What is a Conventional Loan?
A conventional loan is a mortgage that is not guaranteed or insured by the federal government.
Most conventional mortgages are known as “conforming loans” which simply means that they meet the requirements to be sold to Fannie Mae or Freddie Mac.
Because there are several different sets of guidelines that fall under the umbrella of “conventional loans,” there’s no single set of requirements for borrowers.
Why Choose a Conventional Loan?
Conventional loans generally have lower closing costs than government loans as they do not have upfront funding fees.
Loan terms and rate types provide a little more flexibility and options. Monthly mortgage insurance premiums can be “bought-out” (LPMI) or will naturally fall off at some point during the life of the loan.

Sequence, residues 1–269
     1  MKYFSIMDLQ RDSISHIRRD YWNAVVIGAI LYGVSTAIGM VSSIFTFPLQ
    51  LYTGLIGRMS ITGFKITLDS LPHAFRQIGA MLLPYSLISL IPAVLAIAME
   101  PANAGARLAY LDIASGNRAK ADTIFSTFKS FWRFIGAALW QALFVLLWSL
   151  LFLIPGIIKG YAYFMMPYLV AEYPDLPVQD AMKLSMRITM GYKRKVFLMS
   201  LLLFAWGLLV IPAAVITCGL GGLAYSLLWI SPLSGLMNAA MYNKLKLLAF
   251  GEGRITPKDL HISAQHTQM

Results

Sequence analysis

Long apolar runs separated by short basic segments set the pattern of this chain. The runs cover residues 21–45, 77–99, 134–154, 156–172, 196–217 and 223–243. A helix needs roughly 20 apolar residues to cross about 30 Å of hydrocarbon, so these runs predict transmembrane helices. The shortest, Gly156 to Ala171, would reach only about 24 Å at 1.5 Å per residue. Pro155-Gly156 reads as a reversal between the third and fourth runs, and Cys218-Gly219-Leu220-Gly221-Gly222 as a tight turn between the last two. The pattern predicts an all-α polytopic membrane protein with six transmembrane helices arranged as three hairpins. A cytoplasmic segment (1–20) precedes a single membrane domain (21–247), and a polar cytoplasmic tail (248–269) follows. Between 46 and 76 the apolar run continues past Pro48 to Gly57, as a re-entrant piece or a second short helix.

Conventional Loans Also offer First Time Home Buyer options
Home Ready / Home Possible
The HomeReady (Fannie Mae) and the Home Possible (Freddie Mac) loans are great options for a first time home buyer.
Both programs offer a 3% down payment and reduced mortgage insurance premiums.
Annual income limits apply and are based on the census tract of the property.
Conforming Loan Limits for 2021 is $548,250 for most Counties.
Conventional loans are available for Primary Residence, Second Homes, and Investments for these property types
Single Family – Attached and Detached
Modular and Manufactured
Maximum Loan Amounts for Conventional Loans
Purchase – 5% down Payment Requirement
First Time Home Buyer Programs – 3% down Payment Requirement
Purchase without PMI – 20% Down Payment
Refinance/ No Cashout – 95% Max Loan to Value (95% of the appraised Value)
Cashout Refinance – 80% of the appraised Value.